Comment: The comment refers the subsection Chronic-Duration Exposure and Cancer in Section 3.12.2, Identification of Data Needs. The reviewer suggests that a 1-year oral study in dogs by Brunk (1989) would be a much better choice for derivation of a chronic-duration oral MRL for endosulfan than adopting the intermediate-duration oral MRL based on altered immunocompetence in rats as reported by Banerjee et al. (1986).
Response: The Brunk (1989) study, cited as Hoechst (1989c) in the profile, was considered for MRL derivation (see Section 2.3, Minimal Risk Levels). Among clinical chemistry parameters, dogs in the ≥10 ppm diets groups showed a significant increase in mean serum alkaline phosphatase activity relative to controls (up to approximately 2-fold) beginning at 1.5 months. In the absence of significant changes in other serum enzymes and lack of treatment-related histological alterations in the liver, the investigators did not consider the changes in alkaline phosphatase activity toxicologically significant. However, a review of the study by the EPA noted that the importance of the changes in alkaline phosphatase activity could not be judged without laboratory reference data. A better study was a 2-year bioassay in rats cited as Ruckman et al. (1989) by the reviewer and Hoechst (1989a) in the profile. This study was selected for derivation of a chronic-duration oral MRL for endosulfan. However, as discussed in Section 2.3, the MRL that could have been derived was slightly higher than the intermediate-duration oral MRL. Therefore, ATSDR decided to adopt the intermediate-duration oral MRL as chronic-duration MRL.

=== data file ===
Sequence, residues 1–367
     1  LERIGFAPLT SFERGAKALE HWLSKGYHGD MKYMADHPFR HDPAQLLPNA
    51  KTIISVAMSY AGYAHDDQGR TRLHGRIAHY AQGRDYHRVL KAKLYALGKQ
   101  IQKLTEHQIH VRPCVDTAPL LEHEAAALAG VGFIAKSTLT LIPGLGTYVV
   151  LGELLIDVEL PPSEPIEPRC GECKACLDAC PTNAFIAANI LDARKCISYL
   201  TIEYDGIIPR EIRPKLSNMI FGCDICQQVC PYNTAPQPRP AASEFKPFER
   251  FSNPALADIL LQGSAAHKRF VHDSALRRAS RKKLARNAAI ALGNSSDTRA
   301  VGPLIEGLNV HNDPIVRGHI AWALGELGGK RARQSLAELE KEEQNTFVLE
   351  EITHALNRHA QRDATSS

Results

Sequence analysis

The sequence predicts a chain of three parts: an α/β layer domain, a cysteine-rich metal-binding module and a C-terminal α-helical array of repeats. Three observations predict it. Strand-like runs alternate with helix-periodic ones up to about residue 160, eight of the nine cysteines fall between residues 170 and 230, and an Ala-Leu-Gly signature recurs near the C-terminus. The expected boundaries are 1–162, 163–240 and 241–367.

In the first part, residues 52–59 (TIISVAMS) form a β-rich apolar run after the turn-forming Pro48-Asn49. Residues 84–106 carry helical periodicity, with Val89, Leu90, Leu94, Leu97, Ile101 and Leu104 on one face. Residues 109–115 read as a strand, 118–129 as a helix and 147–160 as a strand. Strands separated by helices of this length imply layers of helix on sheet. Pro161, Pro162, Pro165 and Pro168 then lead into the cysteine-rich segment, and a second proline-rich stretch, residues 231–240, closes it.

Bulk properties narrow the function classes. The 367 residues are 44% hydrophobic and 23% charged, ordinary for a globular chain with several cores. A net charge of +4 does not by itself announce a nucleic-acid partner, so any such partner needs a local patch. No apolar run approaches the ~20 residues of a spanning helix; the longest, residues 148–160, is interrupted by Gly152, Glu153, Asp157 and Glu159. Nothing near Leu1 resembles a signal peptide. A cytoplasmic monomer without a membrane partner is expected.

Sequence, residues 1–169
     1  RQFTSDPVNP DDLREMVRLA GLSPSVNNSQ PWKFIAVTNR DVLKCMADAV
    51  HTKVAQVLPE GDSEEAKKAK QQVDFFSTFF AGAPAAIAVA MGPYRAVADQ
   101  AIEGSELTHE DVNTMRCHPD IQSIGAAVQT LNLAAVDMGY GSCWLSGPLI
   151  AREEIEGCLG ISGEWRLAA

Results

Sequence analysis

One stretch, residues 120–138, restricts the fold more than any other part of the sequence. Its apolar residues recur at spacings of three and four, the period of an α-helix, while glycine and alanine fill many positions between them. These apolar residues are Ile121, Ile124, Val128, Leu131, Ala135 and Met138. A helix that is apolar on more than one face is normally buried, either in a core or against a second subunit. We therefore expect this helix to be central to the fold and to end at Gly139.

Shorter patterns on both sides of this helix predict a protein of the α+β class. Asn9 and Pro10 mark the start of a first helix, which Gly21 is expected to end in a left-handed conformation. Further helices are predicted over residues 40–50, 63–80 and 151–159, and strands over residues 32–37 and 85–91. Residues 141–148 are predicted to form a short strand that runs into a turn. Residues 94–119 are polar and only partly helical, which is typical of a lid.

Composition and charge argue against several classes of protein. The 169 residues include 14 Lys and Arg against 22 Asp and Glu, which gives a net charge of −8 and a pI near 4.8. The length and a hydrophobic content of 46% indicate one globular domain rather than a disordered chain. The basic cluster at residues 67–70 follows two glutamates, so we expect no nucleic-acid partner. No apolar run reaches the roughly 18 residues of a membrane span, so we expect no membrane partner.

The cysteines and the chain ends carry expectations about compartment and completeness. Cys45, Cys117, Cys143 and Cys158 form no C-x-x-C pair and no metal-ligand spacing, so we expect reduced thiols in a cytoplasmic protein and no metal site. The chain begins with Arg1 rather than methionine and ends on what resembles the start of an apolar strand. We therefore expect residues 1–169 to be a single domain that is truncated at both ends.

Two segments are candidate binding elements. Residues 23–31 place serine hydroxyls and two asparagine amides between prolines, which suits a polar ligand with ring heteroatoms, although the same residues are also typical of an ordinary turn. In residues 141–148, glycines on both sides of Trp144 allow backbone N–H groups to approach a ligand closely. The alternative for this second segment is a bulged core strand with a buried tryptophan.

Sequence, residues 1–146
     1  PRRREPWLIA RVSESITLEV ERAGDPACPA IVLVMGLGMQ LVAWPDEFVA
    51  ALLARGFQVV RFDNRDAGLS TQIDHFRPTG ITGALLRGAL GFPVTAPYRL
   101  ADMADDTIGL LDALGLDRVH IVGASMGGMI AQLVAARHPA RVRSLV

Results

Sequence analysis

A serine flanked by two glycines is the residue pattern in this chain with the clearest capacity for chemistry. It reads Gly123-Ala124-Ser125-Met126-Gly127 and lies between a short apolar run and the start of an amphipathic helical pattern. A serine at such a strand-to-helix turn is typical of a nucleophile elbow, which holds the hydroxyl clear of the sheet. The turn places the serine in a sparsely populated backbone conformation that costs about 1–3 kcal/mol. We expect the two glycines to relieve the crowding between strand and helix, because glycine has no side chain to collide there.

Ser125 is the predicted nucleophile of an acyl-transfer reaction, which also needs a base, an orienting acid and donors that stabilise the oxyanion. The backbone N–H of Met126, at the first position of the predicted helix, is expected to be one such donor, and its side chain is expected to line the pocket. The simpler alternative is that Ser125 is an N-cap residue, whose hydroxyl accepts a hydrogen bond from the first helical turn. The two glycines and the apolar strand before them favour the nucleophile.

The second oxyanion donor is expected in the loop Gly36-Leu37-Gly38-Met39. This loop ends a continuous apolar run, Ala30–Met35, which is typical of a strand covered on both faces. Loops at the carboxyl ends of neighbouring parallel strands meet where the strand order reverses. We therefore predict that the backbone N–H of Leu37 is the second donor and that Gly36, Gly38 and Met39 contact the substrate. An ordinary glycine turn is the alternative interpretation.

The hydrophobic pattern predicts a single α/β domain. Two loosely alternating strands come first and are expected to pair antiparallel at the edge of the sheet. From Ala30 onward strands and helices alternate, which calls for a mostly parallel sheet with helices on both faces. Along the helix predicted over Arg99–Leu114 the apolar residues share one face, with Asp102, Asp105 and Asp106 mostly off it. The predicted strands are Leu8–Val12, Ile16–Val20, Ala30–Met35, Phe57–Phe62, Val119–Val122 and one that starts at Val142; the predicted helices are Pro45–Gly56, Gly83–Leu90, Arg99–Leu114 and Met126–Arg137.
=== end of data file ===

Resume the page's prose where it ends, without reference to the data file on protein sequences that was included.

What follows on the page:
Comment: The comment refers to a study by Abadin et al. (2007) that is cited in the immunotoxicity subsection of the Section 3.12.2. The profile cites the study as evidence that immune effects have been the most sensitive effects for a number of chemicals that have been the subject of ATSDR’s toxicological profiles. The reviewer notes that the chlorinated compounds referred to in the Abadin et al. (2007) study are not comparable to endosulfan in metabolism, pharmacology, or toxicity. The reviewer adds that compounds like TCDD and DDT are very different from endosulfan and cannot be reasonably compared to endosulfan. The reviewer seems to imply that because endosulfan is not dioxin-like, it is unlikely that immune effects would occur at low doses.
Response: The chemicals for which MRLs are based on immunological and/or lymphoreticular effects discussed in the Abadin et al. (2007) study are: benzene, chlorfenvinphos, endosulfan, heptachlor, gamma-hexachlorocyclohexane (lindane), dibutyltin, tributyltin, PCBs, 2,3,4,7,8-pentachlorodibenzofuran, 2,3,7,8-tetrachlorodibenzo-p-dioxin (TCDD), and 2,4-dichlorophenol; DDT does not have MRLs based on immunotoxicity. The list of chemicals in the Abadin et al. (2007) study includes a wide variety of chemical structures and mechanisms of action. Interestingly, the intermediate-duration oral MRL for lindane, a chlorinated pesticide also known to interact with the GABA receptor and induce seizures, is based on immunological effects. So is the intermediate-duration oral MRL for chlorfenvinphos, a pesticide better known for its effects on the nervous system due to its anticholinesterase activity.